The provision would also allow the Secretary to determine accreditation standards that are more appropriate for pharmacies. The Secretary would have the authority to implement this amendment by program instruction or otherwise.
Sec. 5005. Physicians who Order Items and Services Required to be Medicare Enrolled Physicians or Eligible Professionals.
Medicare statute defines ?eligible professionals? as physicians, certain types of practitioners (i.e., physician assistants, nurse practitioners, clinical social workers, and others), physical or occupational therapists, qualified speech language pathologists, or qualified audiologists.
Beginning January 1, 2010, the Committee Bill would require durable medical equipment or home health services to be ordered by a Medicare eligible professional or physician enrolled in the Medicare program. The Secretary would have the authority to extend these requirements to other Medicare items and services, including covered Part D drugs, to reduce fraud, waste, and abuse.
Sec. 5007. Face-to-Face Encounter with Patient Required Before Physicians May Certify Eligibility for Home Health Services or Durable Medical Equipment Under Medicare.
Home health services are covered under Medicare Parts A and B. In order to receive payment from Medicare, physicians are required to certify and re-certify that specified services (i.e., inpatient psychiatric services, post-hospital extended care services, and home health services) meet certain conditions. In the case of home health services, physicians are required to certify that such services were required because the individual was confined to his home and needed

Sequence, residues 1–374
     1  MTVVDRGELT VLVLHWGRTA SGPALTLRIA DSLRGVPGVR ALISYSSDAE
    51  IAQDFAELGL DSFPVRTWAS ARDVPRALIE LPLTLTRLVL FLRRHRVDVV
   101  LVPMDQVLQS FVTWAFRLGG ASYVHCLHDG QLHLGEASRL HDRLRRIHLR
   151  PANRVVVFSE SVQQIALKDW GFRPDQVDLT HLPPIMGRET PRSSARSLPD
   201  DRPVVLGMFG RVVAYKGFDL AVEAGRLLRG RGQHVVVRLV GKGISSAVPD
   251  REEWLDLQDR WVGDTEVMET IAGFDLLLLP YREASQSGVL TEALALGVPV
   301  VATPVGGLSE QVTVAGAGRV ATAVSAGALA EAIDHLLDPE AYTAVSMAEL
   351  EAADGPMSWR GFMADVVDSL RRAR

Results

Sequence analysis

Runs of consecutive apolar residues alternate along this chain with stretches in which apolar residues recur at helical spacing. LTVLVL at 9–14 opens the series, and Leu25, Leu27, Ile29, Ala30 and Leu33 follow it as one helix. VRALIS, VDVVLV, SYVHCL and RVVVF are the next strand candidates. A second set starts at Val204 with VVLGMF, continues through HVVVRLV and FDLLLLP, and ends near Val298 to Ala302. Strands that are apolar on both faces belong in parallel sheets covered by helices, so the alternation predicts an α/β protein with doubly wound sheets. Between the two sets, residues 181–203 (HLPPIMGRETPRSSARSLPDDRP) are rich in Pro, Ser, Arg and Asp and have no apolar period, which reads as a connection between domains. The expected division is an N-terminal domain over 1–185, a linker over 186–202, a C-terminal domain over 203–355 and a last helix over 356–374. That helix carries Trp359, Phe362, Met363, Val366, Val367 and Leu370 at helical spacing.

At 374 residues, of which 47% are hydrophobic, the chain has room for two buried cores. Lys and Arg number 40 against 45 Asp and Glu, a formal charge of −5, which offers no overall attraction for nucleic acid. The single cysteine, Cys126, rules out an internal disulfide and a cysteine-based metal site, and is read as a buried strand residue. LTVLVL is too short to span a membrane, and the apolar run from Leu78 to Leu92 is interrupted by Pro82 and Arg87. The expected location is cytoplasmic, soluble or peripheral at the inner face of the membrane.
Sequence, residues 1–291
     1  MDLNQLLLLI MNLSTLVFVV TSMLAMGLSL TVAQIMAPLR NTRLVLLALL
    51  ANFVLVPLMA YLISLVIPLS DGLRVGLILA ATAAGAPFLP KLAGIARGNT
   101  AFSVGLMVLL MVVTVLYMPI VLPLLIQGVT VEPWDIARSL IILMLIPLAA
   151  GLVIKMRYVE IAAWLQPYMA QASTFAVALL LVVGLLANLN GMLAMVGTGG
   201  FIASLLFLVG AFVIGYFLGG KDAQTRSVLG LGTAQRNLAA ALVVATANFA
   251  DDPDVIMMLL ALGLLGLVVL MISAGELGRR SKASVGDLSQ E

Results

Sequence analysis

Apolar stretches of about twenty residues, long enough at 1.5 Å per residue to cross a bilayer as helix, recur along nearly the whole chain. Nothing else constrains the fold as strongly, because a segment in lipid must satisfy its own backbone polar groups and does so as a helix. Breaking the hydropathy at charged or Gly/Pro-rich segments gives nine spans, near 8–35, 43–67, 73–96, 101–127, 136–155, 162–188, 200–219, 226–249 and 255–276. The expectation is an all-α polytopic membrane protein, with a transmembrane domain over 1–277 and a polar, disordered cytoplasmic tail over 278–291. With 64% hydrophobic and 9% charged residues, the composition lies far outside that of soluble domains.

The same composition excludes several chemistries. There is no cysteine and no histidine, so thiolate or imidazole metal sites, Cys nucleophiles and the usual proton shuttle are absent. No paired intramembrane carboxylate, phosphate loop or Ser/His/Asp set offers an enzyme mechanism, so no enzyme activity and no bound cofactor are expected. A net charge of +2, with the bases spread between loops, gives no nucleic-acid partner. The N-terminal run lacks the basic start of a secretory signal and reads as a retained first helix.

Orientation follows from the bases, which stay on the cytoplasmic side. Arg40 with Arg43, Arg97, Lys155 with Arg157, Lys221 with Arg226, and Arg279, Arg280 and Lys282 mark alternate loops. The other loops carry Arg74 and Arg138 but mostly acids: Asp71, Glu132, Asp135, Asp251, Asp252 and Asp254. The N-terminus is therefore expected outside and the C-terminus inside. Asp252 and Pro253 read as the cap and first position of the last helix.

skilled nursing care or physical, speech, or occupational therapy; a plan for furnishing services to the individual has been established; and such services were provided under the care of a physician.
In the case of DME, the Secretary is authorized to require that payment be made for specified covered items and services only if a physician has submitted to the supplier a written order for the item.
The Committee Bill would require that, after January 1, 2010, physicians have a face-to-face encounter (including through telehealth) with the individual prior to issuing a certification for home health services or DME as a condition for payment under Medicare Parts A and B. The Committee Bill would also apply to physicians making home health and DME certifications in Medicaid and CHIP. Physicians must document that they had the face-to-face encounter with the
individual during the six-month period preceding the certification, or other reasonable timeframe as determined by the Secretary. The Secretary would be authorized to apply the face-to-face encounter requirement to other Medicare items and services based upon a finding that doing so would reduce the risk of fraud, waste, and abuse.